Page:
Abbado, who had been ill for several years, was far from the stereotype of tyrannical maestros and made hundreds of recordings, spanning from Italy's lyrical repertoire to classical music of the 20th century.
"This is such a painful moment. I can't speak," said a tearful Attilia Giuliani, head of the Abbadiani fan club in Milan, who said she first saw the conductor perform at the San Carlo opera house in Naples in 1988.
Abbado, who was appointed senator for life in Italy last year and had given over his salary for scholarships for young musicians, had been forced to cancel several recent performances and appearances.
Born on June 26th 1933 in Milan in a musical family, Abbado began his studies in his hometown and completed his training with Hans Swarowsky in Vienna from 1957 at the start of a long love story with Austria.
Abbado was a convinced European and global citizen.
The maestro started out at La Scala in 1960, where he was widely praised for his performance of Giacomo Manzoni's opera "Atomtod" in 1965 and he served as musical director of the celebrated theatre until 1986.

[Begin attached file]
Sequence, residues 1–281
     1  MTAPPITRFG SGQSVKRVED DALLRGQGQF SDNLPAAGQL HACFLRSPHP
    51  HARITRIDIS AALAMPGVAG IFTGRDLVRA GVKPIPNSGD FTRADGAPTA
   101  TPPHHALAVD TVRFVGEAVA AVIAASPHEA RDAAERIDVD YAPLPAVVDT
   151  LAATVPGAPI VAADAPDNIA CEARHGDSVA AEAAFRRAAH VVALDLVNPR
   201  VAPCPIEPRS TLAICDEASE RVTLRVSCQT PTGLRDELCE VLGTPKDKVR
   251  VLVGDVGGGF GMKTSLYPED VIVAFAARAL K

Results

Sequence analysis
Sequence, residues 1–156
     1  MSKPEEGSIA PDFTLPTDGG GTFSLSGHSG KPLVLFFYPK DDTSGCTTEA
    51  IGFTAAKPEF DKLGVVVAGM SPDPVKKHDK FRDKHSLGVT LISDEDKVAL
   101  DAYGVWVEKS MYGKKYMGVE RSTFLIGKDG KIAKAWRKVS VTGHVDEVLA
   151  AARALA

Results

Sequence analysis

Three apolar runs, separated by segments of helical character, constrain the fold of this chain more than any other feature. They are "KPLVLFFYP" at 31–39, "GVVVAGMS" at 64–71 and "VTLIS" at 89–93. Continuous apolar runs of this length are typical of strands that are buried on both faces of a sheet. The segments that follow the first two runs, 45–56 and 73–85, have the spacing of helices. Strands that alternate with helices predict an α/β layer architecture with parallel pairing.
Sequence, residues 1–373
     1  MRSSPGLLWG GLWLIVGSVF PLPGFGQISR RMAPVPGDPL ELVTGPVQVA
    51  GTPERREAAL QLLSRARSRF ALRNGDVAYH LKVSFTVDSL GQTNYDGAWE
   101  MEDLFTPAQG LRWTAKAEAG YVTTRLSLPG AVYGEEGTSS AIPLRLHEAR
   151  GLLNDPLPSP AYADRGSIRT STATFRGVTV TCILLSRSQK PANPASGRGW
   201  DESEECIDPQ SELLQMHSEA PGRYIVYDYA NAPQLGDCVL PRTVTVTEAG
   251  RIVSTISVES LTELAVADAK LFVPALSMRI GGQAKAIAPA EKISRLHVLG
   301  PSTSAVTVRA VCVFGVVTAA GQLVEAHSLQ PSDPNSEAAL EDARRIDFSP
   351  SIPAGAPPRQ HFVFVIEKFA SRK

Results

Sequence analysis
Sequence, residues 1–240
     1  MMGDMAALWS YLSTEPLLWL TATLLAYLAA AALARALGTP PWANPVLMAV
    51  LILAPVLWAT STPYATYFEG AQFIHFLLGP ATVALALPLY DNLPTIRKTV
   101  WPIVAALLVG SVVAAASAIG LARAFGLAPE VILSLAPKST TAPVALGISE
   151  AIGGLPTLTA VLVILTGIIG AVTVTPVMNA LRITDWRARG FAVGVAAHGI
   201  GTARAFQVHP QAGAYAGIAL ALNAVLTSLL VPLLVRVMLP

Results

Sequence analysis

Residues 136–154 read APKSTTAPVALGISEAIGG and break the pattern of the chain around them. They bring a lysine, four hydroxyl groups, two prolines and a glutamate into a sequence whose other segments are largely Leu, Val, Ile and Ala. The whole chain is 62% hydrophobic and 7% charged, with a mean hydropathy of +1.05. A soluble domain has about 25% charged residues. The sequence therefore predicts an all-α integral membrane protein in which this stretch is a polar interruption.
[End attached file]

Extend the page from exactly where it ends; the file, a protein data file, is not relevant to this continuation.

Abbado was a leftist and gave concerts in factories and schools, trying to open up the classical music world.
From 1971, he also became a regular at the Vienna Philharmonic and he conducted the London Symphony Orchestra between 1979 and 1988, where he was praised for concerts of his favourite composer Gustav Mahler.
He was also musical director of the Staatsoper in Vienna between 1986 and 1991 and he received the prestigious title of musical director general of the Austrian capital - "Generalmusikdirektor".
He was elected head of the Berlin Philharmonic by its members in October 1989 after the death of Herbert von Karajan and established an excellent rapport with the orchestra where he worked until 2002.
"I am not their boss, we work together," he used to say.